Stadler's book is a remarkable novel. His prose, of course, is incandescent and his sense of place as good as anyone writing today. The novel goes back and forth between the Steins' Paris at the turn of the century and late twentieth-century Paris. The novel--a story of obssession and erotic turmoil--begins and ends as a haunting testament to unfulfilled desire. My University class on gblt fiction read the book and found it funny, disturbing, terribly sad at times, and, as one student said, "Impossible to put down...I read it in one sitting." With each novel, Stadler's writing becomes more complex, elegant, and surprising. Allan Stein is his best book yet.
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11 of 14 people found the following review helpful By Michael Leonard on January 29, 2000
Format: Paperback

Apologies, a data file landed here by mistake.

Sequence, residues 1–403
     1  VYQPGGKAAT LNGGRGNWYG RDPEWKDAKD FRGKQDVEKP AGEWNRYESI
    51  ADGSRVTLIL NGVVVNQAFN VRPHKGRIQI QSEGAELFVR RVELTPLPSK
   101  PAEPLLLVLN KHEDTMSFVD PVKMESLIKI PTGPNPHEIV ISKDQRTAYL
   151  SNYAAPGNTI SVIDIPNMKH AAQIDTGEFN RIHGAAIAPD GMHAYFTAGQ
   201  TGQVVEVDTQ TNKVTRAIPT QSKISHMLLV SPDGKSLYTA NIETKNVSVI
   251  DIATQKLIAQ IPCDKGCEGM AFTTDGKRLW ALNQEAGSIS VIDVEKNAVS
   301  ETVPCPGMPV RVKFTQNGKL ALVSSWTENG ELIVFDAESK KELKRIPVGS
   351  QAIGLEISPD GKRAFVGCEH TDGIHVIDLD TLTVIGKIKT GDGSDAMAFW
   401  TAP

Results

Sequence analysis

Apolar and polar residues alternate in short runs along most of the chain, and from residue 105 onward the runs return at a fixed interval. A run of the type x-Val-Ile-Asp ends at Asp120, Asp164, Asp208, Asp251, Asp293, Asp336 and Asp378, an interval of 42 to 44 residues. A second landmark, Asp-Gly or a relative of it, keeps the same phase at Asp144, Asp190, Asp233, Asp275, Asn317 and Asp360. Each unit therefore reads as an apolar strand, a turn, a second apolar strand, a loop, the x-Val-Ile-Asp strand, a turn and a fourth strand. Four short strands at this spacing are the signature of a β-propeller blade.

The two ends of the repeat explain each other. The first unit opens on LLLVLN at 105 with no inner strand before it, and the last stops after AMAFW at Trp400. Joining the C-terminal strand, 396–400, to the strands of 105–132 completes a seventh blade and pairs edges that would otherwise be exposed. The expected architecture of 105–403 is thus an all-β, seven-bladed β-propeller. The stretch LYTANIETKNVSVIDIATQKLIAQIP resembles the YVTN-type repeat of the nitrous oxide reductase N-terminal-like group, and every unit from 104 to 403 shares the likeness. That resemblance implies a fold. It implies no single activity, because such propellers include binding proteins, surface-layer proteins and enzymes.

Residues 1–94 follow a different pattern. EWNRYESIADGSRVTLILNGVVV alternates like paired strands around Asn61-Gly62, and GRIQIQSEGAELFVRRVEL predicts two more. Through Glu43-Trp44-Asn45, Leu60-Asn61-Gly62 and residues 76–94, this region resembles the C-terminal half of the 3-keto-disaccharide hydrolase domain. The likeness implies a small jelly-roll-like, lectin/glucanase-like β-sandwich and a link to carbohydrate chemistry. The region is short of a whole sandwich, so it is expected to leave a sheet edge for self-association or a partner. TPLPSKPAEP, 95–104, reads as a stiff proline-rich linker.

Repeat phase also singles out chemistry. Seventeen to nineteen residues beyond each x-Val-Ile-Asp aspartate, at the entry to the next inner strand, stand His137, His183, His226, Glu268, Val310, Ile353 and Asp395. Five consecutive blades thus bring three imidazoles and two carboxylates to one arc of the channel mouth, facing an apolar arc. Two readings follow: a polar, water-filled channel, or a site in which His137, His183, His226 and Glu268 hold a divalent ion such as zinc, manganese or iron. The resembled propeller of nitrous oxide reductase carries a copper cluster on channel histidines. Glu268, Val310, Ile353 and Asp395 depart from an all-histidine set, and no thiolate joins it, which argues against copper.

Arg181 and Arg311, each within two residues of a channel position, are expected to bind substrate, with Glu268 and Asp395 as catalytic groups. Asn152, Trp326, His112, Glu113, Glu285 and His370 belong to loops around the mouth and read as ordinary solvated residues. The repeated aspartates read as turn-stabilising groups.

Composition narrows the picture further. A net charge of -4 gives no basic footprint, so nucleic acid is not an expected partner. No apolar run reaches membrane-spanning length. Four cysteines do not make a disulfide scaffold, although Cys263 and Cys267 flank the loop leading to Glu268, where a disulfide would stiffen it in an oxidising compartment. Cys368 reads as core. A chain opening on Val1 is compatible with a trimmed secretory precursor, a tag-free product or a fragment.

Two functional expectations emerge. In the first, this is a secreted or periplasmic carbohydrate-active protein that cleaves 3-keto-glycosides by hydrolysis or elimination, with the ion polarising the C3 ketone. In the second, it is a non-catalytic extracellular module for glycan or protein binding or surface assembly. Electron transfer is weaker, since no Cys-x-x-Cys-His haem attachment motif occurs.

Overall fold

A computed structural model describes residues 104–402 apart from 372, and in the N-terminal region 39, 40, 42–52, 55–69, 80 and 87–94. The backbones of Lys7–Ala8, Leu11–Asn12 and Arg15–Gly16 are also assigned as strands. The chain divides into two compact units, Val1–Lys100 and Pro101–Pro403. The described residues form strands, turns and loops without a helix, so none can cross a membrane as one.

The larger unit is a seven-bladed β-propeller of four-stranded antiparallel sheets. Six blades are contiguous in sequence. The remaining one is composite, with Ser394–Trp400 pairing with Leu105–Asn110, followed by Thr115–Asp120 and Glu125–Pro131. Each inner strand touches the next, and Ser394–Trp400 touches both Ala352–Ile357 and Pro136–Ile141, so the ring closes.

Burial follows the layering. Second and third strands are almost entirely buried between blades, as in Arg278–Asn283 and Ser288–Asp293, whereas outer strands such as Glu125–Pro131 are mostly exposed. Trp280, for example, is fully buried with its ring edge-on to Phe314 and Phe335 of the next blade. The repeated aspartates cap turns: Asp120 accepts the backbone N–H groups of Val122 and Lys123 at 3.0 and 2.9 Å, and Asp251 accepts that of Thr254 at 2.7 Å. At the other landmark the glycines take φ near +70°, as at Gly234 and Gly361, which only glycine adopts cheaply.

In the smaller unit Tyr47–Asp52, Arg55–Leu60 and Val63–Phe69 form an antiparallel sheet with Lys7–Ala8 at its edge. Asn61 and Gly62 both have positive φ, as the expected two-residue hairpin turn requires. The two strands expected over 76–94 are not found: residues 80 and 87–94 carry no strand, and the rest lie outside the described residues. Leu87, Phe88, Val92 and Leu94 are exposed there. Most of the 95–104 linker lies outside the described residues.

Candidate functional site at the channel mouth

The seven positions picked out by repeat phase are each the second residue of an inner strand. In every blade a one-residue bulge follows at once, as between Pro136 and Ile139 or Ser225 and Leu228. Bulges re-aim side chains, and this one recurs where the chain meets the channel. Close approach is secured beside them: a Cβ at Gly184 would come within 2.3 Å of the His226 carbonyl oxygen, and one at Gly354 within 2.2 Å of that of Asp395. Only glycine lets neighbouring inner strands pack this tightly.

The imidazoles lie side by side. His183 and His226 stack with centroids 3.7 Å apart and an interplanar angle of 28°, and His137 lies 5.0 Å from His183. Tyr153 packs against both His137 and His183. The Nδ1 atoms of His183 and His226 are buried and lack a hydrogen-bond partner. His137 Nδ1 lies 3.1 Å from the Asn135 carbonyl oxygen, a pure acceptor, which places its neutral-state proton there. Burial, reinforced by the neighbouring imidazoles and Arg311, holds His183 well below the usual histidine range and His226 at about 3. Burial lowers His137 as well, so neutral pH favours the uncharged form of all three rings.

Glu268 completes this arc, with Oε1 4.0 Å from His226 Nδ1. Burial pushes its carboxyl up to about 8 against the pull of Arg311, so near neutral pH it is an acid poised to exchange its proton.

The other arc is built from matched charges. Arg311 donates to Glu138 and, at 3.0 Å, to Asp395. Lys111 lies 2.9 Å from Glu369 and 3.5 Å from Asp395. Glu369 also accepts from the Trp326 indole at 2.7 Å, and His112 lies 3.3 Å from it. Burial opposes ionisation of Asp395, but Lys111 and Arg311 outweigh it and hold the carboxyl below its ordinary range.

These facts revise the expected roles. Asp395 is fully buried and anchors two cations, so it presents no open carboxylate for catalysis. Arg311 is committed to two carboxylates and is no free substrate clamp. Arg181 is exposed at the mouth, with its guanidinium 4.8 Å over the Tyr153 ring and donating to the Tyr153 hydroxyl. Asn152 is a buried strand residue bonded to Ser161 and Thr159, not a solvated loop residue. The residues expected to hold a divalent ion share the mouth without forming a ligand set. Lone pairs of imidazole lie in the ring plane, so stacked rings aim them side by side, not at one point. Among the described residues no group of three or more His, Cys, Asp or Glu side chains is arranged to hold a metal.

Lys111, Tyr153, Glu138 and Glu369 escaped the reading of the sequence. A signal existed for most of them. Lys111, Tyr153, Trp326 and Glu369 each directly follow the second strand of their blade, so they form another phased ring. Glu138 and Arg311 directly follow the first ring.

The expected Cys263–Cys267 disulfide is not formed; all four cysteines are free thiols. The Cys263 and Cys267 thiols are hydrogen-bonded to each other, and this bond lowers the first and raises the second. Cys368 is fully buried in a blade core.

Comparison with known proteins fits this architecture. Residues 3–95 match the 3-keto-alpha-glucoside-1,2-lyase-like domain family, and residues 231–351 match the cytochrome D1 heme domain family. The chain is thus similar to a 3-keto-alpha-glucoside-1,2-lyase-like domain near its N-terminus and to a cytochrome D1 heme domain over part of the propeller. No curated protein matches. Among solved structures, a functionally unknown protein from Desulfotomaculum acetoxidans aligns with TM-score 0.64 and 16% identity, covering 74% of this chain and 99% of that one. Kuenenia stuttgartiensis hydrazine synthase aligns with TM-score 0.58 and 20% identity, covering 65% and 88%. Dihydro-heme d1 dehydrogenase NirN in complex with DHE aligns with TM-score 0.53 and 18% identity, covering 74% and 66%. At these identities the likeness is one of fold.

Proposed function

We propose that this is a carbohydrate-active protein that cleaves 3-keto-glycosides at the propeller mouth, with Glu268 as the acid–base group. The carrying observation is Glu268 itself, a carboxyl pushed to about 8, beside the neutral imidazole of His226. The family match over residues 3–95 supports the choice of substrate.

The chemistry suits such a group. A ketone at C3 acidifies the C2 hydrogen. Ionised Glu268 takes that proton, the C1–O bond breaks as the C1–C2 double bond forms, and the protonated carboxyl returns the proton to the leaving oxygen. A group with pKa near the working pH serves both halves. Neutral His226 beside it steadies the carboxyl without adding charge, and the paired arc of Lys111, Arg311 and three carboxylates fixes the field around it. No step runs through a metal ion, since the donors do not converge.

I enjoyed this novel on a fairly perfunctory level as I've recently read far more involving gay fiction. While reading Allan Stein, I was reminded of British author Alan Hollinghurst, who I feel does a far better job in portaying the sexual mores and misdemeanors of the "upper crust" college educated and artistically driven gay man. Allan Stein does not disappoint though as there are some good things about this novel. The descriptions of Paris and rural France, especially the French Mediterranean are startling in their authenticity; Stadler manages to capture the wonderful idiosyncrasies of Parisian gay life. He also demonstrates a remarkable command of the language and his capacity for constructing wonderfully complex and fluent sentences astounded me. The story of the narrator's pedophiliac obsessions with Stephane, the 15 year old Parisian are similiarly funny, sexy, erotic and dangerous but yet strangely unconvincing. As for the central theme of man boy love, wel, I feel Stadler is making an important point that some teenagers can be very aware of what they are doing in matters sexual. In approaching this theme, however, Stadler seems intent on perpetuating the stereotypes of man boy pedophile relationships. Paul Russell handled this issue far more effectively in The Coming Storm, a very upbeat and realistic account of the same scenario. There are some wonderfully funny and heart rendering scenes in Allan Stein, especially the scenes between the narrator and Stephane's family. The long distance phone conversations made to his partner in crime Herbert back in the US also provide some laughs.Read more ›